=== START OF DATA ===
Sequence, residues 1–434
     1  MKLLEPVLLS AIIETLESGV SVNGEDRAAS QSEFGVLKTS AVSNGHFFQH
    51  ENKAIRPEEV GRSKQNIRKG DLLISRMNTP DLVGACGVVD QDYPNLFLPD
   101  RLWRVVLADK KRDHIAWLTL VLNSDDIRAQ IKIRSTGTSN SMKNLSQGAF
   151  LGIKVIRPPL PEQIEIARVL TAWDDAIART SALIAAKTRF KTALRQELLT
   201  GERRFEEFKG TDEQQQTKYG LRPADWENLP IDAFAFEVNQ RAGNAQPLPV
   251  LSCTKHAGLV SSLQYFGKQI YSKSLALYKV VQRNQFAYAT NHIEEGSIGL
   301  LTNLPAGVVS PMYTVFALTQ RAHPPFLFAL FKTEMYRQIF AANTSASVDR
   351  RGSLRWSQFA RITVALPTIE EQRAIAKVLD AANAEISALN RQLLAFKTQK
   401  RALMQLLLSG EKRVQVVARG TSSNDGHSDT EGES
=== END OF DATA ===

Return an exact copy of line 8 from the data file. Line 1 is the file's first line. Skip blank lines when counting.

   301  LTNLPAGVVS PMYTVFALTQ RAHPPFLFAL FKTEMYRQIF AANTSASVDR